If you’re aiming for that double-needed topstitched finish (cover stitch), it won’t disappoint too.
Only top-level sergers generally have this function so far. There are more appealing works to discover once you own this machine.
7. Serger Can Secure and Finish Seams Together In One Step
Perhaps some of you decided to give up sewing in the meantime due to its time-consuming process. You need to cut, seam, secure, and finish a garment one by one.
But not with a serger. You can carry out all of these at once and at a rapid time! The 4-thread stitch, for instance, lets you stitch a seam and cut the allowance in a single step.
You can also overcast the edge. Just imagine the amount of time you can save and use it for other important stuff.
8. Serger Can Produce Perfectly Small Rolled Hems
Need to achieve that perfectly petite rolled hems on your table linen or scarf? There’s nothing that can be easier than doing it with a serger.
It has a thread and needle in either looper, with a tightened looper tension and up to 1mm stitch length.
The manual includes everything you need to create and design tiny rolled hems, so don’t sweat it out. You will have a lovely hem in just minutes.
For an improved project, you can switch to a different edge or use a conforming one. The latter will help you craft an edge that is almost invisible to the naked eye.
9. Serger Can Provide Differential Feed
Differential feed is every serger owner’s friend. It features two different feed dogs – one right under the machine’s feet and another in front.
Using it, you can stitch assorted types of fabric and get the same or diverse effect. Let’s say you are sewing a knit garment.
Adjust the serger to design a waved edge finish or change the speed ratio to make a ruffle. Move it lower to stretch out the fabric a little bit and move it higher to gather.
This feature is also convenient if you want to avoid puckering or knotting.
10. Serger Can Give Twist to Any Garment
You can do almost all the fun and beautiful sewing projects you think of with a serger alone. It ranges from heavy decorative edges for a purse or baby blanket to custom cord and zipper.
There’s also lettuce edging to add a feminine touch to an old shirt or baby garments.
Avid knit sewists would especially appreciate this sewing machine due to the more secure and loose-free output. You can mix and match all together to make a cool synchronizing look.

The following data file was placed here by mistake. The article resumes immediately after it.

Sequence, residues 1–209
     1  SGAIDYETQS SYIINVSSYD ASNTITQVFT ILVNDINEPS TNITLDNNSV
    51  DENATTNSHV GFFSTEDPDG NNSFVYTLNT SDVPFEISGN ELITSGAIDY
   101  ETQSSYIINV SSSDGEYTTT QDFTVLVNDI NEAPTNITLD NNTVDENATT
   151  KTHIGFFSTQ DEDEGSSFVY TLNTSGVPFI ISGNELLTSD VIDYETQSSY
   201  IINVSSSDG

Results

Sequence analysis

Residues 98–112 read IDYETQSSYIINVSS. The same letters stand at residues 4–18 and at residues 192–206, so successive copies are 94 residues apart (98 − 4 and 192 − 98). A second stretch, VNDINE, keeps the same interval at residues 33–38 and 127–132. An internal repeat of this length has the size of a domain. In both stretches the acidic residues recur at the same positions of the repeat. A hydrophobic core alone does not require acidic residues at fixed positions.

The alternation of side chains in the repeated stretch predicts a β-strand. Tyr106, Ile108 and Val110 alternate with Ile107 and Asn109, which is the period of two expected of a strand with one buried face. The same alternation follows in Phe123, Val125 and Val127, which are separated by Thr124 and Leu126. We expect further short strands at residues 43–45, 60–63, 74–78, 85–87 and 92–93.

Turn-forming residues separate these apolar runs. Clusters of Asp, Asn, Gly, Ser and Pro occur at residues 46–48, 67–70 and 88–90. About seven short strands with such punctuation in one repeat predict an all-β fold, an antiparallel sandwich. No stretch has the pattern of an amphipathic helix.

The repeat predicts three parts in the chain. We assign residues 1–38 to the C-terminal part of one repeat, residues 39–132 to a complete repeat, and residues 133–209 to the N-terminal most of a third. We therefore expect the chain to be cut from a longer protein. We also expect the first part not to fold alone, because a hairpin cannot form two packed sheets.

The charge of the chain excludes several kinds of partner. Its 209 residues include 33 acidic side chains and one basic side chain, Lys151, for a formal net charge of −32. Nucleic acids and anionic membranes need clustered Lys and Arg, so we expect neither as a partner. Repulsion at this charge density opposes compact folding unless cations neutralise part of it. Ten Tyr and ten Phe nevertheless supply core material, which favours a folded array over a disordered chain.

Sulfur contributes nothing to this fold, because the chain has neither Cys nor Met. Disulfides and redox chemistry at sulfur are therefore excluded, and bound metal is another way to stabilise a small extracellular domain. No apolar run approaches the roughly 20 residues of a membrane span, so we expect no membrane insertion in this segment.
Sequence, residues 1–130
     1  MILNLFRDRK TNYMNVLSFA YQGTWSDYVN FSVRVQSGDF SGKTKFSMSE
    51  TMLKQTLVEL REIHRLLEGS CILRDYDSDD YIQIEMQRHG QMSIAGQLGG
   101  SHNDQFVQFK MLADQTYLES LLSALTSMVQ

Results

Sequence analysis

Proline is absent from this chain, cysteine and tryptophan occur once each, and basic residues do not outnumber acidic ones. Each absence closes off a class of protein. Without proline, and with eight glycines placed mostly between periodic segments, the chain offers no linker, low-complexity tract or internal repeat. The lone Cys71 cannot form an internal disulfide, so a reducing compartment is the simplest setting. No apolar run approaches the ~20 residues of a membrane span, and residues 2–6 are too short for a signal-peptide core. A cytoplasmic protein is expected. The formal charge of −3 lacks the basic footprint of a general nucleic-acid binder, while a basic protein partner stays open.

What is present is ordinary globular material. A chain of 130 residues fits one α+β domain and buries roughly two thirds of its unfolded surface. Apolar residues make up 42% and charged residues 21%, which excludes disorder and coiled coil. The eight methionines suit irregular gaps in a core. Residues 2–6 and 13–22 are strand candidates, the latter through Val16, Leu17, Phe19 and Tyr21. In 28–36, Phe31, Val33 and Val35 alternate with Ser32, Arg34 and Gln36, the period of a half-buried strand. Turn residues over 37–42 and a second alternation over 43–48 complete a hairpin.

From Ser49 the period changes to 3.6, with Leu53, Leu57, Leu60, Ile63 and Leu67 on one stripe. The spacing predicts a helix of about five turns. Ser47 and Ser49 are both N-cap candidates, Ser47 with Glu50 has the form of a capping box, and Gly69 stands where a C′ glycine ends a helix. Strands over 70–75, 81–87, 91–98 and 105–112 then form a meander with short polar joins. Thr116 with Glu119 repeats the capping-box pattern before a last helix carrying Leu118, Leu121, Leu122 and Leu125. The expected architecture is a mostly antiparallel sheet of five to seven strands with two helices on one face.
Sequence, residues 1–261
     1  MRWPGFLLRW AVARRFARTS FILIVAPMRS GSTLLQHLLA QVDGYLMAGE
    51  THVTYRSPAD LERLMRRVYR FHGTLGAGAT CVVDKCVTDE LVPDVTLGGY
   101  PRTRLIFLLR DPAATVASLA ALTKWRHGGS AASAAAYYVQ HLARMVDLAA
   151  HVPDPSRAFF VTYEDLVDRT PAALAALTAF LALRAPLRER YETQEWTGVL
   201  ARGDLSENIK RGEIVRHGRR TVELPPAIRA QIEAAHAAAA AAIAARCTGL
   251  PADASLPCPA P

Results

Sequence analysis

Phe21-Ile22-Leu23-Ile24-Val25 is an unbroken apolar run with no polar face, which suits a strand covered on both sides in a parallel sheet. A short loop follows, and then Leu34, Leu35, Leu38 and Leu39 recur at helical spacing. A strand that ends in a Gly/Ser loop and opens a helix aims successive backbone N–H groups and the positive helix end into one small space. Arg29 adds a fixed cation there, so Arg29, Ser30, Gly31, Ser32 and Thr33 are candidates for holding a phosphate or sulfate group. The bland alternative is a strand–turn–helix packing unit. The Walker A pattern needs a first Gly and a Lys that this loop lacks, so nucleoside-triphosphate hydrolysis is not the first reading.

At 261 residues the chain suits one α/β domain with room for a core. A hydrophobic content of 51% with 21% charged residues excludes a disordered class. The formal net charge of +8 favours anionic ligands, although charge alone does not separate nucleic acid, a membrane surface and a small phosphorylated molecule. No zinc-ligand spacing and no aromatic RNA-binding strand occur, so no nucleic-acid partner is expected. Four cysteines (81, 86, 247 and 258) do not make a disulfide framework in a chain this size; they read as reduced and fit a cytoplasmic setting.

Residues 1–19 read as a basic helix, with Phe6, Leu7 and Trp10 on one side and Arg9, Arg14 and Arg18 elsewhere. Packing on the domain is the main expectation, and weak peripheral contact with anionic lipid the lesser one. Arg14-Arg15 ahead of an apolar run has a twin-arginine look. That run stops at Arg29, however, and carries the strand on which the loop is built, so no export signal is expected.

Moreover, the serger machine is deemed more efficient at quilting and sewing elastic fabrics than the average machine. Not only will it ensure a non-fraying finish but also polish off perfect raw edges.
And as a bonus, you can disable the blade while sewing, let’s say, stretchy materials. Plus, there are various types of unique needles to make your final output as creative as you want.
We have mentioned that the serger cannot do buttonholes and similar functions due to a shortage of attachments. But it is still possible to do so with the right sewing supplies and a bit of familiarity with the machine. Whether for personal or industrial use, it will help you create a more professional project.
The Serger is sometimes alluded to as overlock, but with a minor difference. It is a specialized sewing machine that doesn’t come cheap owing to the added features and excellent applications indicated above. Though, it can be a practical, long-term keepsake worth adding to any sewing room arsenal.
Why Use a Serger in Place of a Sewing Machine?
As we now know, we use a serger for making durable seams. Hence, we can use a serger in place of sewing machines. After all, it does an excellent and efficient job.
It actively helps in finishing clothes as it owns several thread spools, which helps to form firmly woven seams. The threads are woven around the seams to prevent fraying. Moreover, their blades help to remove seam allowance.
Can a Serger Substitute a Regular Sewing Machine?
Although the serger is primarily for making permanent seams, it is not limited to making seams alone. You can use it for completing some sewing projects.
But, it cannot completely replace a sewing machine. That’s because we can do some operations like buttonholes, zippers with the help of sewing machines only.